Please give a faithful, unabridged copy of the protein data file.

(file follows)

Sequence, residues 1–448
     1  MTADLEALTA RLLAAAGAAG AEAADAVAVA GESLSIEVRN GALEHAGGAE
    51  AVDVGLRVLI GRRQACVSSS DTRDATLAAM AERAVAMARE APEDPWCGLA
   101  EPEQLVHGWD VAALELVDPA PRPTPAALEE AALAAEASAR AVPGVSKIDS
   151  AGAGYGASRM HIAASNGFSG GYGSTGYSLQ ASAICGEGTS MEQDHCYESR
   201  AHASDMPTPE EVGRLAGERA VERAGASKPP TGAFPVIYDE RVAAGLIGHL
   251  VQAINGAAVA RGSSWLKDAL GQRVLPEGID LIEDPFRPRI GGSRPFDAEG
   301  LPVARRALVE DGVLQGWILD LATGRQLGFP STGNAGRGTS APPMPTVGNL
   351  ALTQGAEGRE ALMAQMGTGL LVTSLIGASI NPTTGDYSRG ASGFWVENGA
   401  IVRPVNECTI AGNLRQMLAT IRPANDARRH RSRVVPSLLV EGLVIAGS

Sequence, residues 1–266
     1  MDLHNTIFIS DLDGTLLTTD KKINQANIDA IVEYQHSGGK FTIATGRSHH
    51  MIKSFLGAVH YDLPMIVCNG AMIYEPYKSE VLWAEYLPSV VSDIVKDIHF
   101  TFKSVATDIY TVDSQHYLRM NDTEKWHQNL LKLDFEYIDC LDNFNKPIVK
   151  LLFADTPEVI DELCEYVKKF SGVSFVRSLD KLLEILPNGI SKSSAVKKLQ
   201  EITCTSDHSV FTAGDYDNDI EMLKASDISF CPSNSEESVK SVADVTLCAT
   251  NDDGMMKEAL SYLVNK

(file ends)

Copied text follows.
Sequence, residues 1–448
     1  MTADLEALTA RLLAAAGAAG AEAADAVAVA GESLSIEVRN GALEHAGGAE
    51  AVDVGLRVLI GRRQACVSSS DTRDATLAAM AERAVAMARE APEDPWCGLA
   101  EPEQLVHGWD VAALELVDPA PRPTPAALEE AALAAEASAR AVPGVSKIDS
   151  AGAGYGASRM HIAASNGFSG GYGSTGYSLQ ASAICGEGTS MEQDHCYESR
   201  AHASDMPTPE EVGRLAGERA VERAGASKPP TGAFPVIYDE RVAAGLIGHL
   251  VQAINGAAVA RGSSWLKDAL GQRVLPEGID LIEDPFRPRI GGSRPFDAEG
   301  LPVARRALVE DGVLQGWILD LATGRQLGFP STGNAGRGTS APPMPTVGNL
   351  ALTQGAEGRE ALMAQMGTGL LVTSLIGASI NPTTGDYSRG ASGFWVENGA
   401  IVRPVNECTI AGNLRQMLAT IRPANDARRH RSRVVPSLLV EGLVIAGS

Sequence, residues 1–266
     1  MDLHNTIFIS DLDGTLLTTD KKINQANIDA IVEYQHSGGK FTIATGRSHH
    51  MIKSFLGAVH YDLPMIVCNG AMIYEPYKSE VLWAEYLPSV VSDIVKDIHF
   101  TFKSVATDIY TVDSQHYLRM NDTEKWHQNL LKLDFEYIDC LDNFNKPIVK
   151  LLFADTPEVI DELCEYVKKF SGVSFVRSLD KLLEILPNGI SKSSAVKKLQ
   201  EITCTSDHSV FTAGDYDNDI EMLKASDISF CPSNSEESVK SVADVTLCAT
   251  NDDGMMKEAL SYLVNK